At a rainy press conference in the Rose Garden this afternoon, President Obama said it was time to revisit a federal media shield law, in the wake of revelations that the Department of Justice obtained a broad swath of phone records of reporters for the Associated Press.
When I reported last month on the potential inner circle of advisers who might still be available to work on an Anthony Weiner mayoral campaign, the names of two experienced operatives came up in every conversation.
Sen. Chuck Schumer plans to reintroduce a media shield bill that would allow media organizations to appeal to a federal judge before being forced to submit records and sources to government investigators.
Anthony Weiner didn't take any big steps toward a mayoral bid in the last two months, at least according to his latest filing with the city's Campaign Finance Board.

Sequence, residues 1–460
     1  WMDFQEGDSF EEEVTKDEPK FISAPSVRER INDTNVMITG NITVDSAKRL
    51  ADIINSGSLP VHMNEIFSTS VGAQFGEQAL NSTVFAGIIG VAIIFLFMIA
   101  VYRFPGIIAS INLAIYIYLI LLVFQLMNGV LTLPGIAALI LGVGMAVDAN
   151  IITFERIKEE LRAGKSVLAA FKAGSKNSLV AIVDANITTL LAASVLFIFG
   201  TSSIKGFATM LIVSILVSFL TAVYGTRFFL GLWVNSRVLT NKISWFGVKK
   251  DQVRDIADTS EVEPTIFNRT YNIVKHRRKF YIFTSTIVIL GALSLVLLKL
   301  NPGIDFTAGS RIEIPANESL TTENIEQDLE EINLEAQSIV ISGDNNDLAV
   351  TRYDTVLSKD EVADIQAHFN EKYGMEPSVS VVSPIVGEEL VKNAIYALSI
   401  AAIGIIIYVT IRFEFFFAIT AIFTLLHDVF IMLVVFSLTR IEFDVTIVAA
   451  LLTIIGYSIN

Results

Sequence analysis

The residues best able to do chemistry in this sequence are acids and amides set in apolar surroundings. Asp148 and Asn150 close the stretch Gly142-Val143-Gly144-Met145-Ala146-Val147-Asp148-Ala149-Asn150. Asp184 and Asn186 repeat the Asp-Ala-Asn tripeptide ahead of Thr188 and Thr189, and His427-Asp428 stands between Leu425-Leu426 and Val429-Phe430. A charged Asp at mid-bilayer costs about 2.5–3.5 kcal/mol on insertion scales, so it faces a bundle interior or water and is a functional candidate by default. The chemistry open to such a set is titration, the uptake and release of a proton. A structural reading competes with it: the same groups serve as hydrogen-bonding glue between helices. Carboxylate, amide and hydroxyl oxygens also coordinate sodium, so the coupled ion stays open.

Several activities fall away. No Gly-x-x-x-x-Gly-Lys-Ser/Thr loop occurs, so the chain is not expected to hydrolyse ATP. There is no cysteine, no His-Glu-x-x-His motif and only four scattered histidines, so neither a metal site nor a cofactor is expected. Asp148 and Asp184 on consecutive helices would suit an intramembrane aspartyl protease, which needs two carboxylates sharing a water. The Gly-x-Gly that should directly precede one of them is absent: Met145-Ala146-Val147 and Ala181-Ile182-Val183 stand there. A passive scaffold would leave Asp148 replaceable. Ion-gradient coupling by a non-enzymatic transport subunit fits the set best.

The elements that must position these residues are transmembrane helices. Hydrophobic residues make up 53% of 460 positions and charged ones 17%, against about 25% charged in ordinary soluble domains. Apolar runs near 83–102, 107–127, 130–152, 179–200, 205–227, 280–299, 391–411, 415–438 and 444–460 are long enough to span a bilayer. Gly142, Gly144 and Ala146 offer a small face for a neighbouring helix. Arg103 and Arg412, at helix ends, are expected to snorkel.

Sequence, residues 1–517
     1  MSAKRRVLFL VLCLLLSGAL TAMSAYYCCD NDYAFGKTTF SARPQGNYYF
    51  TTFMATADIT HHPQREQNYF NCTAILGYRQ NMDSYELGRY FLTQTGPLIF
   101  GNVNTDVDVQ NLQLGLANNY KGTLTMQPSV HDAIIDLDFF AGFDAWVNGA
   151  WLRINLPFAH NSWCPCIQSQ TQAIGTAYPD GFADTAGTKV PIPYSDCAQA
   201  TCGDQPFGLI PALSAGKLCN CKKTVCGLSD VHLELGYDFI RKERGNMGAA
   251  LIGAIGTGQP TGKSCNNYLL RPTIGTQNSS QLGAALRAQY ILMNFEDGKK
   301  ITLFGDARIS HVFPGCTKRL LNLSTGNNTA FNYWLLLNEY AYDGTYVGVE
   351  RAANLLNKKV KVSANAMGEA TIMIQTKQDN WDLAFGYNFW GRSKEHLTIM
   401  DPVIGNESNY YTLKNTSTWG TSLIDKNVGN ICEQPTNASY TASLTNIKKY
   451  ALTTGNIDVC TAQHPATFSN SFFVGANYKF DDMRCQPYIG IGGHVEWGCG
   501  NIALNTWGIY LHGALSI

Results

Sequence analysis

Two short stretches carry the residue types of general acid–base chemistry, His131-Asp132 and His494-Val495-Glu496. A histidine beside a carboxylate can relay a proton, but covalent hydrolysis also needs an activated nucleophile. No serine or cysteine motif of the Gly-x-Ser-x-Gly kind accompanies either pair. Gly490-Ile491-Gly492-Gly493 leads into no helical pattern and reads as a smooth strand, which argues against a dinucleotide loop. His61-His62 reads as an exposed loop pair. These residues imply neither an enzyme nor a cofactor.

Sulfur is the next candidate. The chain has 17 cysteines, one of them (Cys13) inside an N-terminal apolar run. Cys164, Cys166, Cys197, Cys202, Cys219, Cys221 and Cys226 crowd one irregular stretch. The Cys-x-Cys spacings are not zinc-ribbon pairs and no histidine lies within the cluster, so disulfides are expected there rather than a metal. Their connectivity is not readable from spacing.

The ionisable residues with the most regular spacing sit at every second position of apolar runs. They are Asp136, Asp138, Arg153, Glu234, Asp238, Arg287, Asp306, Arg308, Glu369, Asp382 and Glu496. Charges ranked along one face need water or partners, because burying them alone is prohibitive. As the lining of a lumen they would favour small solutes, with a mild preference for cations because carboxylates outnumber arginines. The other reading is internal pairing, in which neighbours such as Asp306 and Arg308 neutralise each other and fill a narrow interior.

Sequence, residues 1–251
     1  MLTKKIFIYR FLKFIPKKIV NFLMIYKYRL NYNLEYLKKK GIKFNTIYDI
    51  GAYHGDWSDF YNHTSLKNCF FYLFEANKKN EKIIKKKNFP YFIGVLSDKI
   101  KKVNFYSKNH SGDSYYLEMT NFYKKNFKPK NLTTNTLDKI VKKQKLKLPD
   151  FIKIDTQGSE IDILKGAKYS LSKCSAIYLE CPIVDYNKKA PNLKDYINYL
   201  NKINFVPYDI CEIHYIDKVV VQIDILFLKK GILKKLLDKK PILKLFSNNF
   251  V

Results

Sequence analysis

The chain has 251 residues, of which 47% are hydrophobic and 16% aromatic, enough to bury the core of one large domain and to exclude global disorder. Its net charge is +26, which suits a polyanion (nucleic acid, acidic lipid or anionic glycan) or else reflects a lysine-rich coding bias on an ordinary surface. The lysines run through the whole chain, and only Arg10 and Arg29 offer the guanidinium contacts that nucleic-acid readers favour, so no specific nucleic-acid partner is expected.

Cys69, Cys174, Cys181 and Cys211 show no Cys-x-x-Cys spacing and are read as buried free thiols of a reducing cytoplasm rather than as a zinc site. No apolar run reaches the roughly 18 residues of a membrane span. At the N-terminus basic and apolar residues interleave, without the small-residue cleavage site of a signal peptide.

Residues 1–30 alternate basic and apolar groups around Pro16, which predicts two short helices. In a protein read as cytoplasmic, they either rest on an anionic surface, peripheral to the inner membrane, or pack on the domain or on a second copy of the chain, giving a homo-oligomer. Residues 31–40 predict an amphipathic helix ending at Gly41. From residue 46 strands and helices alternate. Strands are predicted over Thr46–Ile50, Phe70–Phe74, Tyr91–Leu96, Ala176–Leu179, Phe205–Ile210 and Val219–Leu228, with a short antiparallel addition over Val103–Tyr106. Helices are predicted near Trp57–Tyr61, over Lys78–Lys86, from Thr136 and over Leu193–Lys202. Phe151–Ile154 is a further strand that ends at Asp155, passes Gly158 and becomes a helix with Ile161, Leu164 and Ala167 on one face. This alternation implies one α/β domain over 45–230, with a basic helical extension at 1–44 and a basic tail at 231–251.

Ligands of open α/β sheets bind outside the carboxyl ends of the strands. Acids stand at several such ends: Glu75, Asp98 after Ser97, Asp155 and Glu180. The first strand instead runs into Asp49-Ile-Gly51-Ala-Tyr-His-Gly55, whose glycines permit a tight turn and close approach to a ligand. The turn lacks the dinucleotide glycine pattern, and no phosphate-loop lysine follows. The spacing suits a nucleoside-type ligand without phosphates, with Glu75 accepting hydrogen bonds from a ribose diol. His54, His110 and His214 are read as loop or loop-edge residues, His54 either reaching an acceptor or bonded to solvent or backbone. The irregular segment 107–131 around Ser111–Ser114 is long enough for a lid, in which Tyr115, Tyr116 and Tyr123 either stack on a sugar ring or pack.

Rep. Charlie Rangel would like President Obama to offer a better explanation for why the Justice Department collected phone records for the Associated Press.
White House press secretary Jay Carney said at least a dozen times at a press briefing today that President Obama believes in reporters' unfettered right to pursue investigative stories.
President Obama will appear at three pooled-press Democratic fund-raisers in New York City this evening, after spending part of the day fielding questions about the I.R.S. and Benghazi.
Gov. Andrew Cuomo has tried to use the recent rash of corruption arrests to pass a new reform package for state elections, but he said on Monday morning that he doesn't want "scandal mania" to overwhelming his agenda for the legislative session.
On Sunday morning, Republicans insisted their fixation on the attacks in Benghazi, Libya last fall has nothing to do with Hillary Clinton and 2016.
Hillary Clinton is officially back as a target for Republican rancor.